Lindis Pass

The Lindis Pass links the Waitaki basin with Central Otago, following a Maori trail well used by Ngai Tahu, who would come up the Waitaki River each summer and follow the route to Lakes Wanaka and Hawea. When Te Puoho surprised the small settlement at Hawea in 1836, some made good their escape to the coast along this path. The first European to discover the pass was John Turnbull Thomson (see A Grand View) in the course of his 1857 survey of the Otago hinterland.


McLean of Morven Hills
Hearing of a vast tract of unclaimed land, in 1858 young John McLean set off from Canterbury to be guided over the Lindis Pass by the chief Te Huruhuru. As he stood on the summit of Mt Grandview (near Hawea), McLean saw a boundless plain covered with snowgrass to waist level and stretching out towards Wanaka. He immediately took out a licence for over 200,000 hectares, a standard condition being that he adequately stock the run within a year – a near impossible task in the circumstances. He bought what sheep he could afford and prudently laid in a goodly supply of whisky.

McLean’s day of reckoning came when the stock inspector called to check that the run had been sufficiently stocked. The young runholder was waiting, with his scotch if not with his flock. The pair spent many genial hours broaching the whisky between inspections of the run, while the sheep were furiously driven from block to block so that the inspector, benumbed and befuddled by boundless Highland hospitality, reported that the stocking condition had been fulfilled.
In time Morven Hills was indeed well stocked and boasted both a massive stone woolshed and a stone-and-mud homestead. Both are still used on the homestead block of the since subdivided property. The run, named by McLean after the range that faces the Isle of Mull, was carrying at least 160,000 sheep, though estimates run as high as 250,000.

A group of buildings near the roadside dates back over a century. John McLean’s homestead (c. 1868), still lived in, is partially obscured by the old stables. Two huts (both c. 1868), one originally a school, the other a smithy then a store, are to the right, and in the distance is the long cookhouse (c. 1870), with chimneys at either end. The massive stone woolshed (c. 1880), which holds 1,500 sheep and once had 34 stands, is out of sight on the plateau to the left of the buildings, behind the new homestead. 15 km W of the summit. A boundary rider’s hut on Morven Hills is now incorporated in the homestead on Northburn station, 8.5 km from Cromwell.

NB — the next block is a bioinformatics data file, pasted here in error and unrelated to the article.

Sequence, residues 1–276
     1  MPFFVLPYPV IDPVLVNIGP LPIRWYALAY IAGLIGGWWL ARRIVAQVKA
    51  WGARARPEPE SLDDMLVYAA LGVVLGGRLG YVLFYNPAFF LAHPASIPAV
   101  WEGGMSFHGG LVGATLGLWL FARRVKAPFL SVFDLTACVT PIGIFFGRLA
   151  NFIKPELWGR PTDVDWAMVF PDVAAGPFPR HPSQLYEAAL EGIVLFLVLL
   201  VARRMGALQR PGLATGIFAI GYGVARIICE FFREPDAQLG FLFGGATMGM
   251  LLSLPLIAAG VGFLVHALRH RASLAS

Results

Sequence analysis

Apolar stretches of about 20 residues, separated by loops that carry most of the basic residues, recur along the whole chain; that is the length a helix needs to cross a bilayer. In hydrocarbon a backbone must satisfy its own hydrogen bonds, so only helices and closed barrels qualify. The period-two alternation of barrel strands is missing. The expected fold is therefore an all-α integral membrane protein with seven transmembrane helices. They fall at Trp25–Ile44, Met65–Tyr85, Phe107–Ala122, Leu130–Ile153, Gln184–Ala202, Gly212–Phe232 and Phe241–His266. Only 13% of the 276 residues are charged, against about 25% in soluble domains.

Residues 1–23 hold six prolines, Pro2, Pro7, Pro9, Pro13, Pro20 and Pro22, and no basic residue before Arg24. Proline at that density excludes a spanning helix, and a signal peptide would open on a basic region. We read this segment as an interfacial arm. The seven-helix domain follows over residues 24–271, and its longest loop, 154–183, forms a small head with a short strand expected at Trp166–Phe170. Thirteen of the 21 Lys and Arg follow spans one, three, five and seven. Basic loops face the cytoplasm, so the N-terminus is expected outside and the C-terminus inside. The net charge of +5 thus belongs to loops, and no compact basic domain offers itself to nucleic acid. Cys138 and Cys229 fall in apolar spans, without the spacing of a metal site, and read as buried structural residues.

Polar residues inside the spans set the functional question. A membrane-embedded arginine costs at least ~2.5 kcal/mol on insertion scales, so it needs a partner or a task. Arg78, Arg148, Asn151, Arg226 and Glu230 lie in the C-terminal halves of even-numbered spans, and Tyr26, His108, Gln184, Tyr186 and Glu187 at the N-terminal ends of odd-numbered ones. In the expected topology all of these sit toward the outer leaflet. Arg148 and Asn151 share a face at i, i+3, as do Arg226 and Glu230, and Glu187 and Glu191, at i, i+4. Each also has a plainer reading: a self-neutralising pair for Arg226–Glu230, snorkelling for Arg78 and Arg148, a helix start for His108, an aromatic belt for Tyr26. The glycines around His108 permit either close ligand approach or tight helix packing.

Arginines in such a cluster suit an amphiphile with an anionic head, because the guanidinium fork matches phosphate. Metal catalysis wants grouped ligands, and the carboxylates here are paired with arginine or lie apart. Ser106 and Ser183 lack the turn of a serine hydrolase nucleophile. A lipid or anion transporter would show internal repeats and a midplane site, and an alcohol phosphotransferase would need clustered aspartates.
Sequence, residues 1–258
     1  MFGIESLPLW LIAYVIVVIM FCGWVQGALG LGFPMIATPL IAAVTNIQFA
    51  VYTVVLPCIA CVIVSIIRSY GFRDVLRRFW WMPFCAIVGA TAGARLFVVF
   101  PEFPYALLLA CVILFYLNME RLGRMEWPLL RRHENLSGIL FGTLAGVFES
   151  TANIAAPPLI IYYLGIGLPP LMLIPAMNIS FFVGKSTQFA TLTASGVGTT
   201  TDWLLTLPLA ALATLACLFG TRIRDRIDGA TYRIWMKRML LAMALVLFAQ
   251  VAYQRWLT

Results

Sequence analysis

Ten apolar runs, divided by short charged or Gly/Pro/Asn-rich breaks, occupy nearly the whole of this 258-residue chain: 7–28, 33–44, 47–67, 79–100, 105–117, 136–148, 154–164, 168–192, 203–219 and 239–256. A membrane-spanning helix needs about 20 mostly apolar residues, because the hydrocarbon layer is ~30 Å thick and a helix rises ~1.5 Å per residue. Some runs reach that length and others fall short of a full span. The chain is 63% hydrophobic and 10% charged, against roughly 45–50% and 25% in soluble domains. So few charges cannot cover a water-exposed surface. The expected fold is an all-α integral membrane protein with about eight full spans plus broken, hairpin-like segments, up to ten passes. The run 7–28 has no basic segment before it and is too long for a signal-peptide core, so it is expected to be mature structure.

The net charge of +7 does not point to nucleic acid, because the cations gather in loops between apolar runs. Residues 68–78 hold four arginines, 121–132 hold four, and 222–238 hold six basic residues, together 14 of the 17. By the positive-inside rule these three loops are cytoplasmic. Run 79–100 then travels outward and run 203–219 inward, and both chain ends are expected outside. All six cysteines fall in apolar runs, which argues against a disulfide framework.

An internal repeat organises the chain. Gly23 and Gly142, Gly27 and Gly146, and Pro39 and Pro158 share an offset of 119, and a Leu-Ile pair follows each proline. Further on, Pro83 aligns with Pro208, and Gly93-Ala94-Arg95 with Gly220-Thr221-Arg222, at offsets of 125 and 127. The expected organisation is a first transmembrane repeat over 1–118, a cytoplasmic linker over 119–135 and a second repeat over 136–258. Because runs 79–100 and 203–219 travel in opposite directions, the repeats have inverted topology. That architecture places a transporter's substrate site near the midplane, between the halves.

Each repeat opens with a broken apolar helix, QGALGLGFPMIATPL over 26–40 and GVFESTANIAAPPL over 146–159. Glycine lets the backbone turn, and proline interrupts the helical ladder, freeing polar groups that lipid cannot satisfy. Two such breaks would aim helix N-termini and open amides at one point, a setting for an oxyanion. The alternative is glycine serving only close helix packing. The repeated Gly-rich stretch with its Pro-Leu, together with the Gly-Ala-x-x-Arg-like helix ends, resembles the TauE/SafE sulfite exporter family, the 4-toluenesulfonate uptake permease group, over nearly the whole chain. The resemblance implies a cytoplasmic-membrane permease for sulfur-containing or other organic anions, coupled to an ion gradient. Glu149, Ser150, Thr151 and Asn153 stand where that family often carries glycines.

Otago’s first goldfield
Traces of gold in the Lindis River were noticed by Thomson when he visited the pass. Under a provincial ordinance runholders could receive a subsidy for building dray roads along routes that were likely to be those of future main roads. This encouraged pastoralists in the Lindis region to combine to improve the track up the Central Otago side of the Lindis Pass. It was while he was working on the road that a labourer, Samuel McIntyre, struck gold in April 1861. Within a week the roadmen had washed four pounds weight of gold and by the end of the month there were about 400 diggers on the field. The paddle-steamer Geelong was packed on every trip she made up the coast from Dunedin to Oamaru.

But few diggers won sufficient gold even to cover expenses and it soon became apparent that there were no fortunes to be made. Forty diggers testified that McIntyre was entitled to the reward offered by the Provincial Government for the discovery of the first payable goldfield. But before the roadman’s claim could be considered, his find was totally eclipsed, for two months later came Read’s dramatic find at Gabriels Gully. The diggers deserted the Lindis, some for the Tuapeka diggings, others, doubtless chastened by the experience, for home. By December the area was deserted and the Lindis had returned to its pastoral loneliness.

The first red deer to be liberated in Otago were freed in the Lindis region in 1871. Presented to the Otago Acclimatisation Society by the Earl of Dalhousie, they were shipped from Scotland to Port Chalmers on the City of Dunedin and the Warrior Queen. By paddle-steamer the seven deer were brought up the coast to Oamaru, to end their journey to freedom by bullock-wagon. From the Lindis the deer gradually spread south through Otago and Westland to form the basis of today’s renowned herd. A monument near the summit marks the centenary of the liberation.